Medical Cannabis and CBD: a summary of the challenges and opportunities in the UK

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Medical Cannabis and CBD: a summary of the challenges and opportunities in the UK

Published 1 October 2020

There is worldwide demand for medical cannabis, and growing calls to make it more widely available in the UK. But some doctors urge caution and more medical trials.

  • There would appear to be significant potential worldwide demand for medical cannabis, with market sales estimated at anything between £33.64bn and £62bn by 2025.
  • Public opinion, several high-profile cases such as that of eight-year-old Alfie Dingley, the UK medical cannabis industry and a small but vocal body of medical opinion are driving calls to make medical cannabis more widely available in the UK.
  • However, a separate body of respected medical opinion, driven by public safety concerns, urges caution in the absence of further medical research data.
  • High costs associated with the trialling and development of medical products, the principle that products already licensed should be used first and doctors’ reluctance to prescribe without RCT evidence, means very few UK patients currently benefit.
  • Supporters say medical cannabis is so different from ‘normal’ new pharmaceuticals that it needs its own trials and prescribing criteria. Others advocate continued trust in established research procedures, to minimise risk to patients and protect the public.
  • More trials are in the pipeline in the form of NHS RCTs, privately sanctioned RCTs and qualitative observational trials. But advocates of medical cannabis, as well as NHS England and the Health Select Committee, say big pharmaceutical companies also need to take part.
  • In light of some recent experiences, it was clear that the CBD market needed more regulation and a ‘kitemark’ approval system to stamp out rogue producers – the February 2020 guidance from the UK Food Standards Agency has therefore been broadly welcomed by many companies at the forefront of the UK CBD industry.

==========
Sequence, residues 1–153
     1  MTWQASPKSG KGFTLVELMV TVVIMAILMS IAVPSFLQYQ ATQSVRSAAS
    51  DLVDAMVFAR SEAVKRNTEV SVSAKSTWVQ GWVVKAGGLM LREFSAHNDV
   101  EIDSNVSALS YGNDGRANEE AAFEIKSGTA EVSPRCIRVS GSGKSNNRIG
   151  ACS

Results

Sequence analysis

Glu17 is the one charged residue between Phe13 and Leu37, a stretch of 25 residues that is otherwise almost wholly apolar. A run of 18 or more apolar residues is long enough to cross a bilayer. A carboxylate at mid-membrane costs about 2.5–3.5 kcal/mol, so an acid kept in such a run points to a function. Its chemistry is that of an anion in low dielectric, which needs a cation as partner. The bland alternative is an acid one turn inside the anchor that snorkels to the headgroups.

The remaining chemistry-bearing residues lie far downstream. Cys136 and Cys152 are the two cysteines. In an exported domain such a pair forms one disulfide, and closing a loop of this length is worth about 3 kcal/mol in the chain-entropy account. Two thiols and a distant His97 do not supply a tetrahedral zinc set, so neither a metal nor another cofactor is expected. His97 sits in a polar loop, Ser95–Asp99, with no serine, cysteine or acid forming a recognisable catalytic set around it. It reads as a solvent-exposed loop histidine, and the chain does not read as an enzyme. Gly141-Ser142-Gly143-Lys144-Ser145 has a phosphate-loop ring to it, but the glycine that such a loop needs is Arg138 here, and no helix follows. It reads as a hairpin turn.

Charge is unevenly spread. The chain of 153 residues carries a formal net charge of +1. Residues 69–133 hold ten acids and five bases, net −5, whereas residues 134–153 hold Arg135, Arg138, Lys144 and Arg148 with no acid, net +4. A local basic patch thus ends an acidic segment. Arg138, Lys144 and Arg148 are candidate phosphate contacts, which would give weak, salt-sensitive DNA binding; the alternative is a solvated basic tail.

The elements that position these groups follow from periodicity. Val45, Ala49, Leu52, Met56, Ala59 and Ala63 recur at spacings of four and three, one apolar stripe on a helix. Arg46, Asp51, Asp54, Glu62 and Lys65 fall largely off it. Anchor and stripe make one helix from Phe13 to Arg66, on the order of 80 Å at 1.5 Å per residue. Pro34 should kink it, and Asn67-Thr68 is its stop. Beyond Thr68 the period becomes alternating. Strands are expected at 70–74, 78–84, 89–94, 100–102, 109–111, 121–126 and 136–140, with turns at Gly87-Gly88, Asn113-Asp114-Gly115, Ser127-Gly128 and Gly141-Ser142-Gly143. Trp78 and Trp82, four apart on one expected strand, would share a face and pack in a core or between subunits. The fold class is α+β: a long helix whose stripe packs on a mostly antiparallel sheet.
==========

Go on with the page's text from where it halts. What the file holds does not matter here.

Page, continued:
• The recent statement by the FCA of its approach to listings of cannabis-related businesses has been broadly welcomed and it will be interesting to see whether this has an impact on investor confidence.
  • To protect those investors and entrepreneurs keen on medical cannabis businesses, all companies wishing to list on UK stock markets need to go through rigorous checks, in the same way as for businesses in any other industry. Furthermore, in light of the Canadian “greenrush” experience, broader investor protection concerns would also seem to be a motivation for UK financial regulators when looking at the medical cannabis sector.
  • Campaigners say the UK Government needs to help kick-start the industry via grants for growing companies producing pure strains and bringing UK products to market, since in their view this would bring prices down and competition would keep prices lower. However, it should be noted that the National Institute for Health Research is already making some grants for this purpose.
  • There may be opportunities for investors in end-to-end supply chain companies which grow, manufacture, and package products, subject to compliance with applicable legal restrictions.
  • Clinician and patient education also present business opportunities.
  • Overseas observers say the UK needs to make it easier for clinicians to prescribe on the NHS and to free up legislation and bureaucracy to make investment, import and research easier, although some commentators would argue that the 2018 change in the law already represents a significant step forward.

Click here to download ‘Medical Cannabis and CBD: Challenges and opportunities’ in full.


Jonathan Deverill

Jonathan Deverill

London - Walbrook

+44 (0)20 7894 6045

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